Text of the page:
Instead of the mind-numbing certainties and dictates of Islam, Western civilization offers what Bertrand Russell called liberating doubt.[4]  Even the process of politics in the West involves trial and error, open discussion, criticism, and self-correction.[5] This quest for knowledge, no matter where it leads, a desire inherited from the Greeks, has produced an institution that is rarely equaled outside the West:  the university. And the outside world recognizes this superiority of Western universities. Easterners come to the West to learn not only about the sciences developed in the last five hundred years, but also about their own cultures, about Eastern civilizations and languages. They come to Oxford and Cambridge, to Harvard and Yale, to Heidelberg and the Sorbonne to acquire their doctorates because these degrees confer prestige unrivalled by similar credentials from Third World countries.

Western universities, research institutes, and libraries are created to be independent institutions where the pursuit of truth is conducted in a spirit of disinterested inquiry, free from political pressures.  The basic difference between the West and the Rest might be summed up as a difference in epistemological principles. Behind the success of modern Western societies, with their science and technology, and their open institutions, lies a distinct way of looking at the world, interpreting it, and rectifying problems: by lifting them out of the religious sphere and treating them empirically, finding solutions in rational procedures. The whole edifice of modern science is one of Western man’s greatest gifts to the world.[6]   The West is responsible for almost every major scientific discovery of the last 500 hundred years, from heliocentrism and the telescope, to electricity, to computers.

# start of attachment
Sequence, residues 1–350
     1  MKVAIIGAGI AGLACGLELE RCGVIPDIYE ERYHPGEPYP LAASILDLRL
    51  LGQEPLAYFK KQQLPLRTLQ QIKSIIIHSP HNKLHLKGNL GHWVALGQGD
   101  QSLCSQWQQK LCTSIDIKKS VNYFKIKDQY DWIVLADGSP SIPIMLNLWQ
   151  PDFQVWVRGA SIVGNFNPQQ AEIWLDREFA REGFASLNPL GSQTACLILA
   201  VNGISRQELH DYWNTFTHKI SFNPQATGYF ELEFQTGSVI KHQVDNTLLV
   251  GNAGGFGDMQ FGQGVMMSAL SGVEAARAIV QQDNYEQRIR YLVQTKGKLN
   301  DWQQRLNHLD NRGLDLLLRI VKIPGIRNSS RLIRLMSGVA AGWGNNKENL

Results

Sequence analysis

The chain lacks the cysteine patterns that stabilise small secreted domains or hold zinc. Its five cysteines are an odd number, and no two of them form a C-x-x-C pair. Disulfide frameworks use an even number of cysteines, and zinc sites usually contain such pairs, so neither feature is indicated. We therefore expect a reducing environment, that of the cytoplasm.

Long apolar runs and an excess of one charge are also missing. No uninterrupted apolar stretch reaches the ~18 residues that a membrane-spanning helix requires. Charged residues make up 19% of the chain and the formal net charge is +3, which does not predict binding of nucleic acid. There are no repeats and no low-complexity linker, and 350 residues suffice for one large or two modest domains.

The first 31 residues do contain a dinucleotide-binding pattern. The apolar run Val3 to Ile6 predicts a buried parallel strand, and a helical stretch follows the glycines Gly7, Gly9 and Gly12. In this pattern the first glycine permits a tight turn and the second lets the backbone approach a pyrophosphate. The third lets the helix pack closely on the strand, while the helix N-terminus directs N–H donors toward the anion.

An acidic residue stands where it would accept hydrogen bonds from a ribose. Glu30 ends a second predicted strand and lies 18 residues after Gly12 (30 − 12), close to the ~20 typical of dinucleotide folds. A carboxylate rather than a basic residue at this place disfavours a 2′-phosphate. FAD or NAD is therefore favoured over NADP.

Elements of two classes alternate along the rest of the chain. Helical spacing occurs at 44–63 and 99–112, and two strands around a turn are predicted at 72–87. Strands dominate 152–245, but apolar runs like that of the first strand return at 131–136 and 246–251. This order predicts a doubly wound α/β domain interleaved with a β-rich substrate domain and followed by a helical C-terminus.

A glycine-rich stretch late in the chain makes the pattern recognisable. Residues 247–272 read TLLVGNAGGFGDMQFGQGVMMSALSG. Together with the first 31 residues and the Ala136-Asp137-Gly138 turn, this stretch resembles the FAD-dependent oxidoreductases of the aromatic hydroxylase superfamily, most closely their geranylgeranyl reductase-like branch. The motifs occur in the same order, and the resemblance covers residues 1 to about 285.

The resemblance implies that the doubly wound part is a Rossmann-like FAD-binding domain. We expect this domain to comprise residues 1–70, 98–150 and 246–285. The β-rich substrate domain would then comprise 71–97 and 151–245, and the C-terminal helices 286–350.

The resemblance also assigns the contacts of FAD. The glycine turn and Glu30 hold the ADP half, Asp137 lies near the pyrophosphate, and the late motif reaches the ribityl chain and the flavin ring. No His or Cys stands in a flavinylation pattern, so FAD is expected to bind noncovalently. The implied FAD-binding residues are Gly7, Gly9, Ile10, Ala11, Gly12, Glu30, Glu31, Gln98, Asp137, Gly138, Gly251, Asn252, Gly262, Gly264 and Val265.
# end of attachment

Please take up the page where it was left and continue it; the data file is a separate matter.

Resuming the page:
The West has given the world the symphony and the novel.  A culture that engendered the spiritual creations of Mozart and Beethoven, Wagner and Schubert, of Raphael and Michelangelo, Leonardo Da Vinci and Rembrandt does not need lessons in spirituality from societies whose vision of heaven resembles a cosmic brothel stocked with virgins for men’s pleasure.

The West gave us the Red Cross, Doctors without Borders, Human Rights Watch, Amnesty International and many other manifestations of the humanitarian impulse. It is the West that provides the bulk of the aid to beleaguered Darfur, while Islamic countries are conspicuous by their absence.

The West does not need lectures on the superior virtue of societies where women are kept in subjection, endure genital mutilation, are married off against their will at the age of nine, have acid thrown on their faces or are stoned to death for alleged adultery, or where human rights are denied to those regarded as belonging to lower castes.[7] The West does not need sanctimonious homilies from societies that cannot provide clean drinking water or sewage systems for their populations, that cannot educate their citizens, but leave 40-50 percent of them illiterate, that make no provisions for the handicapped, that have no sense of the common good or civic responsibility, that are riddled with corruption.

No Western politician would be able to get away with the kind of racist remarks that are tolerated in the Third World, such as the anti-Semitic diatribes of the Malaysian leader Mahathir Mohamad.  Instead, there would be calls for resignation, both from Third World leaders and from Western media and intellectuals. Double standards?  Yes, but also a tacit acknowledgement that we expect higher ethical standards from the West.

The Ayatollah Khomeini once famously said there are no jokes in Islam. The West is able to look at its own foibles and laugh, even make fun of its own fundamental principles. There is no Islamic equivalent to Monty Python’s Life of Brian. Can we look forward to seeing The Life of Mo anytime in the future?